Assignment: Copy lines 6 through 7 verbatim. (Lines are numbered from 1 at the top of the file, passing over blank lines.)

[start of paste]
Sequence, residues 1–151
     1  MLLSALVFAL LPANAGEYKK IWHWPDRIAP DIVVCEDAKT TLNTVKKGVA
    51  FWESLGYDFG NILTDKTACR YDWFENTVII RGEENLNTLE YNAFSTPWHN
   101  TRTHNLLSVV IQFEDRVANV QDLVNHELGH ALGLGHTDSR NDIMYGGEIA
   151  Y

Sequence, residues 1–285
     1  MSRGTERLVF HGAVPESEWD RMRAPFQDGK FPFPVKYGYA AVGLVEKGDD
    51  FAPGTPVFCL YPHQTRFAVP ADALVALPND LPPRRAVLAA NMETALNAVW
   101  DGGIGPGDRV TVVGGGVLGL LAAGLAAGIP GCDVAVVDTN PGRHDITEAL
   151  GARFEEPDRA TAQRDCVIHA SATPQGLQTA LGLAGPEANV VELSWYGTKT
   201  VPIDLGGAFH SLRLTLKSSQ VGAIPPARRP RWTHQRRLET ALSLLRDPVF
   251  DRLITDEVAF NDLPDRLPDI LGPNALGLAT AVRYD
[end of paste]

Sequence, residues 1–285
     1  MSRGTERLVF HGAVPESEWD RMRAPFQDGK FPFPVKYGYA AVGLVEKGDD